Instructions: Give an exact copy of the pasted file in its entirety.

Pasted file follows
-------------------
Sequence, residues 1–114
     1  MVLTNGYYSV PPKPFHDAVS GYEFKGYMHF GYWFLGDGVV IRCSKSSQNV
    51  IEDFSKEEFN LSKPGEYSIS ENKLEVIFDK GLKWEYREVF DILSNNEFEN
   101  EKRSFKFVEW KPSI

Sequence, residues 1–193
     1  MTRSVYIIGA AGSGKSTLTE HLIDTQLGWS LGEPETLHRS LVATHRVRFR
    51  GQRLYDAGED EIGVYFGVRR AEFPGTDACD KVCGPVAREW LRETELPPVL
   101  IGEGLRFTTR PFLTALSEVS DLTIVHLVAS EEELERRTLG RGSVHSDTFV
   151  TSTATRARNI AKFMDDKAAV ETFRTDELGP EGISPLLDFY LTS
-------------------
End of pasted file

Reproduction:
Sequence, residues 1–114
     1  MVLTNGYYSV PPKPFHDAVS GYEFKGYMHF GYWFLGDGVV IRCSKSSQNV
    51  IEDFSKEEFN LSKPGEYSIS ENKLEVIFDK GLKWEYREVF DILSNNEFEN
   101  EKRSFKFVEW KPSI

Sequence, residues 1–193
     1  MTRSVYIIGA AGSGKSTLTE HLIDTQLGWS LGEPETLHRS LVATHRVRFR
    51  GQRLYDAGED EIGVYFGVRR AEFPGTDACD KVCGPVAREW LRETELPPVL
   101  IGEGLRFTTR PFLTALSEVS DLTIVHLVAS EEELERRTLG RGSVHSDTFV
   151  TSTATRARNI AKFMDDKAAV ETFRTDELGP EGISPLLDFY LTS